How does a computer know the time and date? How does it know when the clocks are next due to go forward or back? Or when there will next be 61 seconds in the minute?
A computer time-stamps every event, such as an email being sent or a file saved, by taking the time from its internal clock. This clock is usually an inexpensive quartz oscillator that can drift by several seconds over a day and gradually builds up an error of many minutes. If the computer is to tell the time accurately it must set its internal clock regularly against a trusted external source of time, which must be both accurate and reliable.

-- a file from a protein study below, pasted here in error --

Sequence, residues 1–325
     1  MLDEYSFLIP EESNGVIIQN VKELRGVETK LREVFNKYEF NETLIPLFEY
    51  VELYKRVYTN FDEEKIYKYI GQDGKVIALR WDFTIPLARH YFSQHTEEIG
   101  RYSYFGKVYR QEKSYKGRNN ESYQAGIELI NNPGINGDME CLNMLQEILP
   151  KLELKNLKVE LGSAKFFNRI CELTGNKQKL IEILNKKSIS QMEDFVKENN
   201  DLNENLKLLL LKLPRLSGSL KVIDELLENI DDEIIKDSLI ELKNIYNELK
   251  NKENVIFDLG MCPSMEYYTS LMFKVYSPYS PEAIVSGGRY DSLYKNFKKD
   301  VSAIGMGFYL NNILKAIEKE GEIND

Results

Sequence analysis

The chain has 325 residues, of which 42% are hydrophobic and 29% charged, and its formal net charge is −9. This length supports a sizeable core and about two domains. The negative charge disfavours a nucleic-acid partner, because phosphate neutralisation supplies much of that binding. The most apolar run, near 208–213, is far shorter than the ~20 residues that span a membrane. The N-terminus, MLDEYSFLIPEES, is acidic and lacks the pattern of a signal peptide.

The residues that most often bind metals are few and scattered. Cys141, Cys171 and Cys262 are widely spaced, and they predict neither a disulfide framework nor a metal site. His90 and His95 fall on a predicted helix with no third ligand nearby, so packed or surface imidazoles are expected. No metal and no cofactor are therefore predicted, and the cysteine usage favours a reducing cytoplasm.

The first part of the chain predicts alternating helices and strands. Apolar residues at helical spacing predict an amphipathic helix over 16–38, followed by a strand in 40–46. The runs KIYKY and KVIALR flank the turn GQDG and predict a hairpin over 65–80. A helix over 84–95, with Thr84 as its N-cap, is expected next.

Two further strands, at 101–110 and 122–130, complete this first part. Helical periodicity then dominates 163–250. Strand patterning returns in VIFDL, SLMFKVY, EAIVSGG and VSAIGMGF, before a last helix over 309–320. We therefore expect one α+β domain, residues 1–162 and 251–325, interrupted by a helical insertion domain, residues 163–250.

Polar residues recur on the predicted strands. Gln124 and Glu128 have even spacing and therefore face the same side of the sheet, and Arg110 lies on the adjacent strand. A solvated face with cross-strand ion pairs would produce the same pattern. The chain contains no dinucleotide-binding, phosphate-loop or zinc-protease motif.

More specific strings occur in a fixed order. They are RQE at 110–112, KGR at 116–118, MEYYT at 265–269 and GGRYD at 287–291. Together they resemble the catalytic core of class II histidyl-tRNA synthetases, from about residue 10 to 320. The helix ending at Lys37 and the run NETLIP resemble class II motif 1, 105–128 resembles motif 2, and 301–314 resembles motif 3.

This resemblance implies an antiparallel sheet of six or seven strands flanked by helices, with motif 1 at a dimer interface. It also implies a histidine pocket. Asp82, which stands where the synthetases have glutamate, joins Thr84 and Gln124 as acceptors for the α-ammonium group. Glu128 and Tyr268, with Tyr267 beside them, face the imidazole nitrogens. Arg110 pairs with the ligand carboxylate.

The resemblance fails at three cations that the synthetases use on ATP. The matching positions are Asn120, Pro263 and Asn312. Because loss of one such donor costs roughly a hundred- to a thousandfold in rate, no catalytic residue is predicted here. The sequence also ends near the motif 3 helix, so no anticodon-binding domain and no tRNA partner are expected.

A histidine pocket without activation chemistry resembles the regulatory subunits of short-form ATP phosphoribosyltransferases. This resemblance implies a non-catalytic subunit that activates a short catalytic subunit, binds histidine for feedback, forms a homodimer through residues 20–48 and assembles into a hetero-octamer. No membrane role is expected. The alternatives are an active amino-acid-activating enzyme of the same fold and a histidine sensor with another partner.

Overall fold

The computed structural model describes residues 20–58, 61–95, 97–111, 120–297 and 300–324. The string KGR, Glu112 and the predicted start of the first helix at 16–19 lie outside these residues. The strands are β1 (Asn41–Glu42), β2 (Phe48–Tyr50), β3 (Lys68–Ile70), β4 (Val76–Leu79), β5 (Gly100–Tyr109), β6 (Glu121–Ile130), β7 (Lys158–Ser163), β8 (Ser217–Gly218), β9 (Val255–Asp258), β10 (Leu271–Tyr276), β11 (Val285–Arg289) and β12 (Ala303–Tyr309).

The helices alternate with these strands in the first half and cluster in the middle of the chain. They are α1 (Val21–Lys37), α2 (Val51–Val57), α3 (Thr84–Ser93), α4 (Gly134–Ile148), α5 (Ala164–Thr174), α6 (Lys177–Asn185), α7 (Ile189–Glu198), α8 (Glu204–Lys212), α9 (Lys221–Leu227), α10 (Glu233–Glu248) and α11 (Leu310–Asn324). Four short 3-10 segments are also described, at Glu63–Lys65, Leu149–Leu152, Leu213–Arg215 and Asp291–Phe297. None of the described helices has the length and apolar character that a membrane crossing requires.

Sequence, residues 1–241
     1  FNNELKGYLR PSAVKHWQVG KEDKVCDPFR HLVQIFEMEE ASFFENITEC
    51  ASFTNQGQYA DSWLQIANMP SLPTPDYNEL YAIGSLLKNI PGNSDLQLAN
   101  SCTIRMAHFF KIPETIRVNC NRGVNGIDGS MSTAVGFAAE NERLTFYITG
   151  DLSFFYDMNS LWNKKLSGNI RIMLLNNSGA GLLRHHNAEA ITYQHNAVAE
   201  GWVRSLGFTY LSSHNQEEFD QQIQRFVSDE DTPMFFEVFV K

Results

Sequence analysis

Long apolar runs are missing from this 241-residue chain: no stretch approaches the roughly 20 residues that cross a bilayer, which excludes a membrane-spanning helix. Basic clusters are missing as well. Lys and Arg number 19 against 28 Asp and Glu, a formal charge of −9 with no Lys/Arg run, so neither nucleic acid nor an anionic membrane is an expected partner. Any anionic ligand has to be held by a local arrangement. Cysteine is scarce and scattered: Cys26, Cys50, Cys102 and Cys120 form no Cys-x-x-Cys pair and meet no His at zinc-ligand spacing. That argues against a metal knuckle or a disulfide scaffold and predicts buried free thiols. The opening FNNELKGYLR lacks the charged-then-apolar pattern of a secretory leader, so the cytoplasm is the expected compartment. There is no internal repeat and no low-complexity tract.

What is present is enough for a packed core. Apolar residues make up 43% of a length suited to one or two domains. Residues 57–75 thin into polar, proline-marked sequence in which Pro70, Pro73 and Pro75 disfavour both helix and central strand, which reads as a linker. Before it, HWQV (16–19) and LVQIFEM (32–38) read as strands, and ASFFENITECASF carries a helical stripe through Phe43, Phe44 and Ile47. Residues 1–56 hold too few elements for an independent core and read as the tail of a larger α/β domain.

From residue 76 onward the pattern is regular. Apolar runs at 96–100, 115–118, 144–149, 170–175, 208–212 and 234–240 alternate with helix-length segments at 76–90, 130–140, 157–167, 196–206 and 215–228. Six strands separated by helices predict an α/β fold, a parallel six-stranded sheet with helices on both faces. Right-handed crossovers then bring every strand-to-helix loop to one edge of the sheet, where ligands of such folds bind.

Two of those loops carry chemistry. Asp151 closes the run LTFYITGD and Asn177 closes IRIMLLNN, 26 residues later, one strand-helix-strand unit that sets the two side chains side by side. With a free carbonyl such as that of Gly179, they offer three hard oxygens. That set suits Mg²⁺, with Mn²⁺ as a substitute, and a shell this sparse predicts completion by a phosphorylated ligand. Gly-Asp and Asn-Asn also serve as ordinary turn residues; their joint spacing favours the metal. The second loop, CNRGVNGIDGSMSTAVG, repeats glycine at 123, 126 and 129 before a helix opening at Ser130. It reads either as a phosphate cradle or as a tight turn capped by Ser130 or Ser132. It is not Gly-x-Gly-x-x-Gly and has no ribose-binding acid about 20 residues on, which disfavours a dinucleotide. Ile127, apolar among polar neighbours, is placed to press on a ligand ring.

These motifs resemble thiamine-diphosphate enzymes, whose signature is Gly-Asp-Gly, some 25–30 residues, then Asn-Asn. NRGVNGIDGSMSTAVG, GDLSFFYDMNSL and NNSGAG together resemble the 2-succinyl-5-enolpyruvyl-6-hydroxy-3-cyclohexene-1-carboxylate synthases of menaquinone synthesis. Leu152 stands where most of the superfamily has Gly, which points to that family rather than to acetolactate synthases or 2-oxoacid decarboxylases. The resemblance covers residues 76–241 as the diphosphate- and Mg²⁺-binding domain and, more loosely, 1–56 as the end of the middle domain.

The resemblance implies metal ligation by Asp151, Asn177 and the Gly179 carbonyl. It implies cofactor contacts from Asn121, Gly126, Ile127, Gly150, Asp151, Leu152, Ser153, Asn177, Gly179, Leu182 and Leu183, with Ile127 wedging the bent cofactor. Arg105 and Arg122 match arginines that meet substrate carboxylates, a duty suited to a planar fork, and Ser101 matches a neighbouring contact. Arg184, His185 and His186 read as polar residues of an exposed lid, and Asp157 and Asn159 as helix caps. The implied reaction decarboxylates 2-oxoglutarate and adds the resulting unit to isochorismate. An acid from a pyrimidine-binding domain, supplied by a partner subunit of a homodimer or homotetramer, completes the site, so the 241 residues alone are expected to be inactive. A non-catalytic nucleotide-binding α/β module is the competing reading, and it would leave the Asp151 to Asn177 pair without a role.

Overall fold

NPL's Internet Time Service (ITS) allows a computer to set its internal clock by connecting over the Internet to a server at NPL that transmits a time code using the well-established Network Time Protocol (NTP). A user guide to the NPL Internet Time Service provides more information and explains how to obtain and install software that will allow a computer to use the service.
Downloaded the user guide here
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